Why Supervise Banks? The Foundations of the American Monetary Settlement

70 Pages Posted: 17 Jul 2019 Last revised: 8 Aug 2022

See all articles by Lev Menand

Lev Menand

Columbia University - Law School

Date Written: October 17, 2019

Abstract

Administrative agencies are generally designed to operate at arm’s length, making rules and adjudicating cases. But the banking agencies are different: they are designed to supervise. They work cooperatively with banks and their remedial powers are so extensive they rarely use them. Oversight proceeds through informal, confidential dialogue.
Today, supervision is under threat: banks oppose it, the banking agencies restrict it, and scholars misconstrue it. Recently, the critique has turned legal. Supervision’s skeptics draw on a uniform, flattened view of administrative law to argue that supervision is inconsistent with norms of due process and transparency. These arguments erode the intellectual and political foundations of supervision. They also obscure its distinguished past and deny its continued necessity.
This Article rescues supervision and recovers its historical pedigree. It argues that our current understanding of supervision is both historically and conceptually blinkered. Understanding supervision requires understanding the theory of banking motivating it and revealing the broader institutional order that depends on it. This Article terms that order the “American Monetary Settlement” (“AMS”). The AMS is designed to solve an extremely difficult governance problem—creating an elastic money supply. It uses specially chartered banks to create money and supervisors to act as outsourcers, overseeing the managers who operate banks.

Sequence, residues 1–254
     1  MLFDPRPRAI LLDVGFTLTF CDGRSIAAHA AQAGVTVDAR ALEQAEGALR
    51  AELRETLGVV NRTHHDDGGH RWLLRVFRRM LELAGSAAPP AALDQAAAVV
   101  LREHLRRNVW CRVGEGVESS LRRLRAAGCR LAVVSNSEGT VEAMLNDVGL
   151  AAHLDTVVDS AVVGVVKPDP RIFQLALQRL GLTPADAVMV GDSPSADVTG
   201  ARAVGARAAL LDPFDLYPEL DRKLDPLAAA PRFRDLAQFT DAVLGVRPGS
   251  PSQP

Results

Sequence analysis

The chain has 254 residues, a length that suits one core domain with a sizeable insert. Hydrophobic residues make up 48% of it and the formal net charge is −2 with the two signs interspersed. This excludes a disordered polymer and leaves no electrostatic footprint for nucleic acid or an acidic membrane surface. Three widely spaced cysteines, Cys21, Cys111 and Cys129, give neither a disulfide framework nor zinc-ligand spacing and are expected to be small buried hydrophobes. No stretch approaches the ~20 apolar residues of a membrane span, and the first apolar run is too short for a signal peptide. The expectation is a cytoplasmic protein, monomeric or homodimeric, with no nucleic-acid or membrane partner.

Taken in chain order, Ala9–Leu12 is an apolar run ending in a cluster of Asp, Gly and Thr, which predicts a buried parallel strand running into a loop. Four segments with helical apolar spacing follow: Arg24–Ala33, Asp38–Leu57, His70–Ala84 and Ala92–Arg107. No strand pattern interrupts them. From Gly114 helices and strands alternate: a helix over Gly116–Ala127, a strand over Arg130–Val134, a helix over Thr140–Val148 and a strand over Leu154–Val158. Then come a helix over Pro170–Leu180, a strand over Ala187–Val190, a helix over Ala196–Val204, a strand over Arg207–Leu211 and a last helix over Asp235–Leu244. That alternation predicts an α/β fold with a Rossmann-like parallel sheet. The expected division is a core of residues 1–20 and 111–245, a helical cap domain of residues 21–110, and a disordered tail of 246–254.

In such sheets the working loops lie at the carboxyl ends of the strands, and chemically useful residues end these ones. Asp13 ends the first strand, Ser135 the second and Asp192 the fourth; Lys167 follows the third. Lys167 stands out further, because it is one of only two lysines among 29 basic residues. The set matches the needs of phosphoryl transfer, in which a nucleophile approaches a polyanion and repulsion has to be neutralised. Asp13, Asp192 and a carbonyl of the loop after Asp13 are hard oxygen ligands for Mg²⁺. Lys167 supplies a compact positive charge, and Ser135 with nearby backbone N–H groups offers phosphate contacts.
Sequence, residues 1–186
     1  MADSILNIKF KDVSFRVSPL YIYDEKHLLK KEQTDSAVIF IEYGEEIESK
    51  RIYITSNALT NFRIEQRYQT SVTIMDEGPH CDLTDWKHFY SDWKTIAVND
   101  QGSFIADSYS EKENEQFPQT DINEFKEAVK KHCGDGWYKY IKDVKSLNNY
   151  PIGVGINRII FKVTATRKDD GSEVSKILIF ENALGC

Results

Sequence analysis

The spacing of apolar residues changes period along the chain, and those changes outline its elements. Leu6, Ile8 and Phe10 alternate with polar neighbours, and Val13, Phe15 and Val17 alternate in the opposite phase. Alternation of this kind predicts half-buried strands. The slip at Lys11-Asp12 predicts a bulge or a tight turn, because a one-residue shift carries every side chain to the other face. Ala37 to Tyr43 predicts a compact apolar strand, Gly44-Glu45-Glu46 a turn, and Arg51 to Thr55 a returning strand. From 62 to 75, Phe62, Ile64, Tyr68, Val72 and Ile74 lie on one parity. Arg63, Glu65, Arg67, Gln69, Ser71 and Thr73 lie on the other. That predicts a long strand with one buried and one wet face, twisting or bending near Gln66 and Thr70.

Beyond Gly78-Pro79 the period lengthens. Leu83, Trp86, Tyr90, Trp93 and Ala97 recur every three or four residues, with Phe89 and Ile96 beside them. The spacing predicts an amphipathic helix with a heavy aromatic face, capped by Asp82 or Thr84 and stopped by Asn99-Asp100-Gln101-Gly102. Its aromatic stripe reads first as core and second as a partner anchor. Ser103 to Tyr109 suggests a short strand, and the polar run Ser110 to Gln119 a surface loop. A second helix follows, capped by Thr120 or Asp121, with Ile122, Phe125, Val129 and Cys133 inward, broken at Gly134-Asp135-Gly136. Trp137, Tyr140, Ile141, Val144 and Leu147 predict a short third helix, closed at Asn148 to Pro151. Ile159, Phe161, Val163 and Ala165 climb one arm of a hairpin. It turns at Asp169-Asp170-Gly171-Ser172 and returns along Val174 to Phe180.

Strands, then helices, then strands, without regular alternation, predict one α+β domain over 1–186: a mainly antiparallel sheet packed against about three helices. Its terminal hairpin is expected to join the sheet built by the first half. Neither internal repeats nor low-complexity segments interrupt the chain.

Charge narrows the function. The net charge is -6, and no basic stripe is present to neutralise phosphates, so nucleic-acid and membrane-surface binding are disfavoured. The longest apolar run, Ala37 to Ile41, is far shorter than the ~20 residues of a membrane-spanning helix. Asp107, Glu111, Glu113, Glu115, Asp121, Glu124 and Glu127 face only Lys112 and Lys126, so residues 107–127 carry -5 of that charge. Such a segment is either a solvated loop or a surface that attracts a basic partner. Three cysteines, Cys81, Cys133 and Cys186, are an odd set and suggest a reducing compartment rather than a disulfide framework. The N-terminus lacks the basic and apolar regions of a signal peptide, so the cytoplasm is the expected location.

Supervision is now under increasing pressure due to fundamental changes in the political economy of finance. Beginning in the 1950s, the government started to allow nonbanks to expand the money supply, devaluing the banking franchise. Then, the government weakened the link between supervision and money creation by permitting banks to engage in unrelated business activities. This transformation undermined the normative foundations of supervisory governance, fueling today’s desupervisory movement. Desupervision, in turn, cedes public power to private actors and risks endemic economic instability.

Keywords: Bank Supervision, Banking Law, Financial Institutions, Financial Regulation, Money, Monetary System

JEL Classification: E42, E44, E50, E58, G01, G18, G20, G21, G23, G28, N21, N22

Suggested Citation

Menand, Lev, Why Supervise Banks? The Foundations of the American Monetary Settlement (October 17, 2019). 74 Vanderbilt Law Review 951, Available at SSRN: https://ssrn.com/abstract=3421232 or http://dx.doi.org/10.2139/ssrn.3421232

Lev Menand (Contact Author)

Columbia University - Law School ( email )

435 West 116th Street
New York, NY 10025
United States

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